Not so with a DVR lathe from Teknatool. I was not aware of it, but there was an older version of the DVR lathe that didn’t have some features of the current machines, and an owner of an older one could be left wishing their machine had more of the features of the current machine. Instead of replacing the lathe with a newer model, a DVR owner can simply upgrade the control board to get the higher torque, the safety features and the variable speed selection by replacing the “plug’n’play” computer control board.

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Not that I need to at the moment, as my DVR lathe has all the current features, but it is great to know that if (or rather when), Teknatool come up with smarter ways to implement the onboard DVR technology, and add software improvements (as well), that existing owners are not left behind. They can choose to purchase the upgraded control board.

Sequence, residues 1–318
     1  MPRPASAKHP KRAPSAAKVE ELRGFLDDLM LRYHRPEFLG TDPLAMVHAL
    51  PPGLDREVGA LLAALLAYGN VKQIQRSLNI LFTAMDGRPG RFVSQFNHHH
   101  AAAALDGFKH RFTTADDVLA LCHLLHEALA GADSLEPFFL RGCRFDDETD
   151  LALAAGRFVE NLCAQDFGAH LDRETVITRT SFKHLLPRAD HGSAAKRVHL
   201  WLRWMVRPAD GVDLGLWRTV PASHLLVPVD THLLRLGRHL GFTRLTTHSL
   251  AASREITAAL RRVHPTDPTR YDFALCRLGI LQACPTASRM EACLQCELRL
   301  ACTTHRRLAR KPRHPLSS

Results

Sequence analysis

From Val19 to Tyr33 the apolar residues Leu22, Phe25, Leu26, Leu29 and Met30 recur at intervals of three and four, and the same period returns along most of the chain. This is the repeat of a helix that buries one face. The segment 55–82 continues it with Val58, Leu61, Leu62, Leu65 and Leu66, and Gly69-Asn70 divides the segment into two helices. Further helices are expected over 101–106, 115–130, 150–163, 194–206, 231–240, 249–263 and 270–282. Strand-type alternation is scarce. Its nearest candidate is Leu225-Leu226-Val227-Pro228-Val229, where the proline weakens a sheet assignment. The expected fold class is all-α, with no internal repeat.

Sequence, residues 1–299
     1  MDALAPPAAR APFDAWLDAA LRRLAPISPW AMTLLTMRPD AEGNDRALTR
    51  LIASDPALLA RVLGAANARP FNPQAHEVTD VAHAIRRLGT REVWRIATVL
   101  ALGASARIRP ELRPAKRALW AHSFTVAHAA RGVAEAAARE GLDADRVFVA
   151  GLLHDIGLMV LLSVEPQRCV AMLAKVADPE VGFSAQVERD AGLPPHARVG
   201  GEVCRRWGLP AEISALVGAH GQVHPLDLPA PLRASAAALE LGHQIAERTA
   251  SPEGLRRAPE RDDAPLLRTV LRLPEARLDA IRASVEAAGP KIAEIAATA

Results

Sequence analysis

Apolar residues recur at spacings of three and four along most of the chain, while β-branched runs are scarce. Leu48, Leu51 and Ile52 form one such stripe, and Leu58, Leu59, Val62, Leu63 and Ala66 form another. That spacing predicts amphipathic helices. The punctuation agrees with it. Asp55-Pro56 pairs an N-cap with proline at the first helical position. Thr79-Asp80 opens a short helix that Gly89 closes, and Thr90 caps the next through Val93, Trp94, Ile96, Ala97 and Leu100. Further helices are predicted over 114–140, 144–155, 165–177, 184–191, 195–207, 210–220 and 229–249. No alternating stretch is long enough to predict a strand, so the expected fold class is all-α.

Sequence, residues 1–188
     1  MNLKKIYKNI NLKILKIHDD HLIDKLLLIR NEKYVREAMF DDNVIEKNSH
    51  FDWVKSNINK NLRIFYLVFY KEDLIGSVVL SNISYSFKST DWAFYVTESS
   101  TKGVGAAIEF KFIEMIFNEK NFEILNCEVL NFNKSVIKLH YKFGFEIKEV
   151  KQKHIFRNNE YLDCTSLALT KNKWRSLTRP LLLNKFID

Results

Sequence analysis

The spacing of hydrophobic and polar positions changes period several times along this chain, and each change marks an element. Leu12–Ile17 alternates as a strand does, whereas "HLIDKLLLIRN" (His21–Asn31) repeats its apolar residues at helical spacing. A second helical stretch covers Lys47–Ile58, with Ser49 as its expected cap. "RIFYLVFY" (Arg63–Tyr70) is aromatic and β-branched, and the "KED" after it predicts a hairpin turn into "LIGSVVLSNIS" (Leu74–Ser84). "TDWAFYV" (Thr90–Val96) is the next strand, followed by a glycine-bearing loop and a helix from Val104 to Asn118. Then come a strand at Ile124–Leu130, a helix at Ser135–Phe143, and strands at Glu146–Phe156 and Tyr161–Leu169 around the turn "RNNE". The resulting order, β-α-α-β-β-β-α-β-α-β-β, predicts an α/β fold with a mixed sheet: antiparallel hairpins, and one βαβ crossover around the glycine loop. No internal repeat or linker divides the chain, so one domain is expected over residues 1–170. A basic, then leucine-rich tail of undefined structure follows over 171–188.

That is a pretty cool concept!
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Day of the Machine

After taking much of the day to do some family things (beach before, and BBQ after) for Australia Day, I also moved a number of machines into the shed, now that the electrical was completed and therefore the machines wouldn’t get in the way.

Heavy buggers, especially over soft, churned up dirt the backyard has become.  The pallet jack is such an asset – able to lift the heaviest machine easily, and with reasonably wide wheels, can even manage the ground to a certain extent.

Even so, it was too much to move the thicknesser on my own (230 or so kg), so with a brief assistance of a couple of neighbours, it flew across the back yard.

Paying the price for it all now though!

Never-the-less, a good number of moves was achieved – slowly emptying the garage, and the shed starting to take on real character.

Placement/layout is by no means locked in (never is in my shed!), but am roughly placing them still in accordance with the original plan.

What was moved in this time was the Jet lathe (still uncertain about its long term plan), Jet 14″ bandsaw, Torque Workcentre, the workbench, thicknesser.

Episode 98 Upgrading Jaws to Nova Infinity